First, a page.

I have managed many outsourced projects, large and small, including corporate website development. If I had signed off on the city's website, I'd be looking for another job. There are incompetent contractors out there. But it's up to the inside manager to (1) hire competent companies and (2) have a schedule that calls for lots of check-points that must be signed off before payments are made. If the consultant messes up, you dump him and hire someone else.

The city staff who dealt with the consultants -- and their managers -- either weren't paying attention or didn't have the experience to know that what was being delivered was way off the mark. I didn't see any testing and feedback cycles in the schedule.

Another possibility is that the consultants did what they were told – against their better judgment. I guess we'll never know.


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Posted by Terry
a resident of Midtown
on Oct 28, 2007 at 1:39 pm

Mike, I still don't get what your point is. It is not clear to me if the contractors did what was asked of them or not - though it appears more that they did. Your blustering about whether the contractor should have "walked away" or not seems like a diversion. For all we know, the contractors DID raise objections, and were told it was all ok, their work was great - certainly no one on the City staff is blaming the contractors now, they are all saying everything is more or less as they planned it!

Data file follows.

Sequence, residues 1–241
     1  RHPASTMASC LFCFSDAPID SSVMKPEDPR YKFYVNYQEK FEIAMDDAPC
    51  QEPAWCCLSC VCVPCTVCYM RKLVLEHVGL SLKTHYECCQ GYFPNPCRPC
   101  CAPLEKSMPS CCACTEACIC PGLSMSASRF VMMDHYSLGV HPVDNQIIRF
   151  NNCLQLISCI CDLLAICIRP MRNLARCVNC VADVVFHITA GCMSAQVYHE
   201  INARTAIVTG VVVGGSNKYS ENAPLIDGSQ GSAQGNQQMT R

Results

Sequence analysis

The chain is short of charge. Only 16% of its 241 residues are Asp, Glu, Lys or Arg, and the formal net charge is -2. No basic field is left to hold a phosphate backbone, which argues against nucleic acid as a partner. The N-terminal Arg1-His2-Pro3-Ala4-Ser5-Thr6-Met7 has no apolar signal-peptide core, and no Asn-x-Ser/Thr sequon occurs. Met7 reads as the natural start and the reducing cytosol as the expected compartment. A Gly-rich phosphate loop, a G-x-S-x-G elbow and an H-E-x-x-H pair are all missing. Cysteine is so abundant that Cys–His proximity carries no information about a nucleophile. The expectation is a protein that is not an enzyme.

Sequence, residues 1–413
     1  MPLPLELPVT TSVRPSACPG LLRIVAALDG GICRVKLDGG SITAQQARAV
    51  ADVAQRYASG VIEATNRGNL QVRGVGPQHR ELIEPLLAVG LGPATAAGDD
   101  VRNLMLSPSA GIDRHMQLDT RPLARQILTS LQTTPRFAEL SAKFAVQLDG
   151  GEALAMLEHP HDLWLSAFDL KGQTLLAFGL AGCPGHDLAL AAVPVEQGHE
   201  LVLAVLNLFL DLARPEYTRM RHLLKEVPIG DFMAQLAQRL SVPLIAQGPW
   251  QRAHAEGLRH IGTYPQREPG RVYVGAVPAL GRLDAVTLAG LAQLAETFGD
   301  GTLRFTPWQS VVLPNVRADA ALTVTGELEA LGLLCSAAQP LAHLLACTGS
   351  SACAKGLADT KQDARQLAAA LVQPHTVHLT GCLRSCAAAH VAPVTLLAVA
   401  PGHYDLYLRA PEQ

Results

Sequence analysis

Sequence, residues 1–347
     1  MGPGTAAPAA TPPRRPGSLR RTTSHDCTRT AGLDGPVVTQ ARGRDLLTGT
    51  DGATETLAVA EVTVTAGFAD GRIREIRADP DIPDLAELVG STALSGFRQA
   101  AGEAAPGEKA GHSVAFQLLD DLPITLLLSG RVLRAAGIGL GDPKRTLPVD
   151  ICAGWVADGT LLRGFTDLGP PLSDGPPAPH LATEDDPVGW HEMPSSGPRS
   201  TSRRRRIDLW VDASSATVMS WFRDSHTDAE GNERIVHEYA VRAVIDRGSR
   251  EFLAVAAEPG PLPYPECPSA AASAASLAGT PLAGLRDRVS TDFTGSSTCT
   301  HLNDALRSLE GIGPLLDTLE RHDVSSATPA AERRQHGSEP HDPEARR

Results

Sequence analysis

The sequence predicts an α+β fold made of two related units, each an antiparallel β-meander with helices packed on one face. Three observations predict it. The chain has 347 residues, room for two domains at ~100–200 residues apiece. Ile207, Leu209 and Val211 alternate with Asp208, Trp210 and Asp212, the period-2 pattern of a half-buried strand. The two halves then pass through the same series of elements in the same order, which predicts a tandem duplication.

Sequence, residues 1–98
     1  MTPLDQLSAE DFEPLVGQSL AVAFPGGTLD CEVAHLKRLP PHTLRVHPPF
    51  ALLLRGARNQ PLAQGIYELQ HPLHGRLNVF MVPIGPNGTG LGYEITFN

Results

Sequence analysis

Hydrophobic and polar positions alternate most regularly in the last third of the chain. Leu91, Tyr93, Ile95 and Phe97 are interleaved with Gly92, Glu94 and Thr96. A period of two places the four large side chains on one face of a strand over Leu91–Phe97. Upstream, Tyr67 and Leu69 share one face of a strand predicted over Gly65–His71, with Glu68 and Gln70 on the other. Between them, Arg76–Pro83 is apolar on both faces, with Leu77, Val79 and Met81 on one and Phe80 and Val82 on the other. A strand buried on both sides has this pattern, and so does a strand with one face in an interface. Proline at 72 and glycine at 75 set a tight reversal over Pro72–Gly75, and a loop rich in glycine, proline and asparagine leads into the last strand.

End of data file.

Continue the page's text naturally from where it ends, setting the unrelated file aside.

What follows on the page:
I am not, nor do I see others, saying that "heads should roll" over this issue; but it seems more that it is part of a pattern of poor performance. I don't know the IT guys on the city staff, but when something this visible goes this badly, I tend to think the problems are closer to the top - disengaged management, poor communication, and lack of execution focus. For instance, if the IT guys were "ignorent" as you say - management should have figured that out and gotten help.